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Texas Ranger Muster Roll – 1836

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530.     [TEXAS RANGERS]. MUSTER ROLL. Contemporary secretarial manuscript Texas Ranger muster roll, probably in the hand of George Aldrich, commencing: “The following Men compose my company which I am Ordered to report to you by the commander in chief,” followed by two columns giving the names of fifty-six Rangers in the Company, concluding: “The above is a True copy from my Roll Book. To the Actg. Acalda [sic] of Nacogdoches. Elisha Clapp. Capt. of Compy. of Rangers.” Addressed on verso: “To the Actg. Alcalda [sic] Nacogdoches, Texas” and docketed “Official Report Capt. Elisha Clapp Recd. Novr. 2. 1836.” Folio (35.6 x 24.7 cm) on wove paper. Creased where formerly folded, one small hole in blank area where red wax seal was broken, verso slightly stained, otherwise in fine condition. This muster roll was found with privately-held family papers, some of which relate to the Isaac Parker family, including a legal document on sealed paper signed by Isaac Parker in Nacogdoches in 1835 (see below).

     Very rare and early documentation on the Texas Rangers, apparently the only known contemporary copy of this roll. The story of Texas Republic-era ranger rolls, and indeed all such muster rolls, is a somewhat tragic one. The original rolls were deposited in the Adjutant General’s Office shortly after their creation. Other rolls were reconstructed from memory where no originals existed. In the late 1830s, all the existing rolls were copied out into an omnibus document that was given to the Texas General Land Office (GLO) to assist that agency with processing veterans’ land claims. That document was itself copied again and then made into a typescript in the 1920s. In the meantime, the Adjutant General’s Office burned to the ground in 1855, taking with it the entire corpus of original and reconstructed rolls. Thus, the primary source for almost all Republic-era muster rolls are the copies in the GLO. The GLO, the Texas State Library, and the University of Texas also hold a few original copies and other nearly contemporary copies of Republic-era rolls. The Texas Ranger Museum holds none of that vintage.

The members of this company have been preserved in one such transcribed roll in the General Land Office, a copy of which is printed in Muster Rolls of the Texas Revolution (Austin: Daughters of the Republic of Texas, 1986, pp. 199-201). Although the content of that version is basically the same as that of the present roll, that document seems to be a mustering-out roll rather than an original enrollment form, as is the case here. It was prepared, apparently also by Aldrich (see below), after December 10, 1836, on which date the enlistments were up. In any case, by the time the later roll was accomplished, it is clear that the Company had been disbanded. See also Mike Cox, The Texas Rangers: Wearing the Cinco Peso, 1821-1900 (New York: Tom Doherty Associates, 2008).

     The captain of the Company documented in the muster roll was Elisha Clapp (ca. 1803-1856), soldier and farmer, who immigrated to Texas in 1822 and settled at Nacogdoches. He served in Captain Henry W. Karnes’ Cavalry Company beginning April 7, 1836, participated in the Battle of San Jacinto, guarded Mexican prisoners during its aftermath, and held a variety of military appointments. Clapp was elected captain of a Company of Texas Rangers on September 10, 1836, and this muster roll is apparently an initial accounting of that first Company, which enlisted for three months. “Sam Houston, as commander in chief of the Republic of Texas Army, ordered his Company to ‘range from any point on the Brazos to Mr. Hall’s Trading House on the Trinity’ to intercept parties of raiding Indians” (Handbook of Texas Online: Elisha Clapp). Clapp could not read or write, according to Houston: “Captain Clapp cannot write his name and care will be required to prevent imposition on the government” (Writings, Vol. II, p. 242). In the Texas State Library Republic Claims files there is an 1841 document Clapp signed with an “x”, which is noted as “his mark.” These files also document the fact that Isaac Parker (see below), a member of the Ranger Company shown on this roll, assisted Elisha Clapp with his Ranger claims. But the handwriting of the present muster roll is apparently not Parker’s, but rather that of Lieutenant George Aldrich, first County Surveyor of Houston County (1839-1843) and the brother of San Jacinto veteran Collin Aldrich, first Chief Justice of Houston County. The brothers came to Red River County, Texas in 1828. For a short time, around 1834, George Aldrich lived in Nacogdoches and was associated with Robert Anderson Irion as a trader and surveyor. George Aldrich was granted 320 acres for the service documented here.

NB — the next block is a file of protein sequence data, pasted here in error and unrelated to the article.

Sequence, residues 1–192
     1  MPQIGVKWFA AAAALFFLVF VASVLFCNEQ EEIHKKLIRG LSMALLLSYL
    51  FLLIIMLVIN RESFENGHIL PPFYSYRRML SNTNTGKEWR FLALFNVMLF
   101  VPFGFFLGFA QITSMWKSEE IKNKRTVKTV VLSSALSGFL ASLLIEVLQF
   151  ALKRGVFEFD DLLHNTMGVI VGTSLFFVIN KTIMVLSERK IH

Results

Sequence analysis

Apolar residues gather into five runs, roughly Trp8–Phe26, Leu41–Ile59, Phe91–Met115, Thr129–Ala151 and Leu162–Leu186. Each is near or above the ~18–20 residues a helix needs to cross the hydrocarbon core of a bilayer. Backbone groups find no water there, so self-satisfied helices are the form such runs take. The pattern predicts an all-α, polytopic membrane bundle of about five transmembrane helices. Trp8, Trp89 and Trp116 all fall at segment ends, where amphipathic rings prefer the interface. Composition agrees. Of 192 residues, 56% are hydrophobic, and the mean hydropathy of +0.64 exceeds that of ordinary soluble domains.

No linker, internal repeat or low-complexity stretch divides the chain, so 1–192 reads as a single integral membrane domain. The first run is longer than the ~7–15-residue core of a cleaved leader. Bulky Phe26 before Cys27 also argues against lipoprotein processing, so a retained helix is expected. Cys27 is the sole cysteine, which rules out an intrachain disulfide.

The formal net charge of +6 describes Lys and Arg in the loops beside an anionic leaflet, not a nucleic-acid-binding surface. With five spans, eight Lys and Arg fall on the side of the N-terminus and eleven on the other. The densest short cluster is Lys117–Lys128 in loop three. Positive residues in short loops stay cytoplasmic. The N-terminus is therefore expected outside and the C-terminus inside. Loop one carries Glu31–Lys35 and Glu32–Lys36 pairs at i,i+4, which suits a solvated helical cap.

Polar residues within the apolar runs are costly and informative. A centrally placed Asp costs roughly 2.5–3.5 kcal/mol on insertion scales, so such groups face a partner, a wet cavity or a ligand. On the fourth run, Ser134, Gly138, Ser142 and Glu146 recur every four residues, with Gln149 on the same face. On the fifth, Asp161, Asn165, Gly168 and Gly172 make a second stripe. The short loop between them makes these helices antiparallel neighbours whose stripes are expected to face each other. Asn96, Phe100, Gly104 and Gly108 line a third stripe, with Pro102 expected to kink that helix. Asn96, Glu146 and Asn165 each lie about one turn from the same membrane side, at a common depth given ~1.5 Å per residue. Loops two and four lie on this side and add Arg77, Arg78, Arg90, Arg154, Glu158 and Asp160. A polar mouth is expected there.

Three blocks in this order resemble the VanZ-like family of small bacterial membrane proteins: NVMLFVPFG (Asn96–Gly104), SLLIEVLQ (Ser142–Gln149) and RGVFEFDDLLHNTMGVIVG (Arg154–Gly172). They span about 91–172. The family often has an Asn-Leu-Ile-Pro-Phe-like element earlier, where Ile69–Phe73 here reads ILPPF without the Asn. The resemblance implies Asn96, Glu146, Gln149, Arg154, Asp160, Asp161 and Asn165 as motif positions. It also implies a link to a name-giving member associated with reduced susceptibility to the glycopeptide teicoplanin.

Other members of this Company went on to serve Texas in various capacities. Of the fifty-six men listed, at least twenty-two, in addition to Clapp himself, are documented veterans of the Texas Revolution. Five of the men, including Clapp, were San Jacinto veterans. The other four were Samuel J. Lawrence (arrived in Texas in February of 1836, died in 1879; Dixon & Kemp, The Heroes of San Jacinto, p. 242), George Washington Browning (1806-1879, emigrated to Texas in 1835, enlisted in Hart’s Company in January of 1836; Dixon & Kemp, The Heroes of San Jacinto, p. 111 & Handbook of Texas Online); Lewis W. White (enlisted March 31, 1836, and discharged May 2 of the same year; Dixon & Kemp, The Heroes of San Jacinto, p. 422); and William H. Pate (arrived in Texas in January 1836 and enlisted in McFarland’s Company; Dixon & Kemp, The Heroes of San Jacinto, p. 419). As might be expected, the Company is populated chiefly by men from the Nacogdoches area.